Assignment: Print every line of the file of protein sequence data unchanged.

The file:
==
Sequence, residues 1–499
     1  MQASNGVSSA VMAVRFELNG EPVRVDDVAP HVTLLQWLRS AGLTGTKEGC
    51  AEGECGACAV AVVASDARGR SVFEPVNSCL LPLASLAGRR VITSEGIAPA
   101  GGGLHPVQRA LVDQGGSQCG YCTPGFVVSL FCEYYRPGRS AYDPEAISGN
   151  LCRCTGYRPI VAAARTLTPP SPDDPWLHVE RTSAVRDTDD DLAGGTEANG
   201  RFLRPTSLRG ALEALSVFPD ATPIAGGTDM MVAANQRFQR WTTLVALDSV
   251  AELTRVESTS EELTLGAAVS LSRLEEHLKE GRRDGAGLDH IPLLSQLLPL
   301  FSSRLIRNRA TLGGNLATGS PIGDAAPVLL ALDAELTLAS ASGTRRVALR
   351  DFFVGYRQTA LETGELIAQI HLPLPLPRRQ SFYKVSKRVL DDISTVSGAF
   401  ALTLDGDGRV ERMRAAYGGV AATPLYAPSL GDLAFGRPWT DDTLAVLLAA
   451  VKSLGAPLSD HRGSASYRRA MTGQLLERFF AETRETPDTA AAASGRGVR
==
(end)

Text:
Sequence, residues 1–499
     1  MQASNGVSSA VMAVRFELNG EPVRVDDVAP HVTLLQWLRS AGLTGTKEGC
    51  AEGECGACAV AVVASDARGR SVFEPVNSCL LPLASLAGRR VITSEGIAPA
   101  GGGLHPVQRA LVDQGGSQCG YCTPGFVVSL FCEYYRPGRS AYDPEAISGN
   151  LCRCTGYRPI VAAARTLTPP SPDDPWLHVE RTSAVRDTDD DLAGGTEANG
   201  RFLRPTSLRG ALEALSVFPD ATPIAGGTDM MVAANQRFQR WTTLVALDSV
   251  AELTRVESTS EELTLGAAVS LSRLEEHLKE GRRDGAGLDH IPLLSQLLPL
   301  FSSRLIRNRA TLGGNLATGS PIGDAAPVLL ALDAELTLAS ASGTRRVALR
   351  DFFVGYRQTA LETGELIAQI HLPLPLPRRQ SFYKVSKRVL DDISTVSGAF
   401  ALTLDGDGRV ERMRAAYGGV AATPLYAPSL GDLAFGRPWT DDTLAVLLAA
   451  VKSLGAPLSD HRGSASYRRA MTGQLLERFF AETRETPDTA AAASGRGVR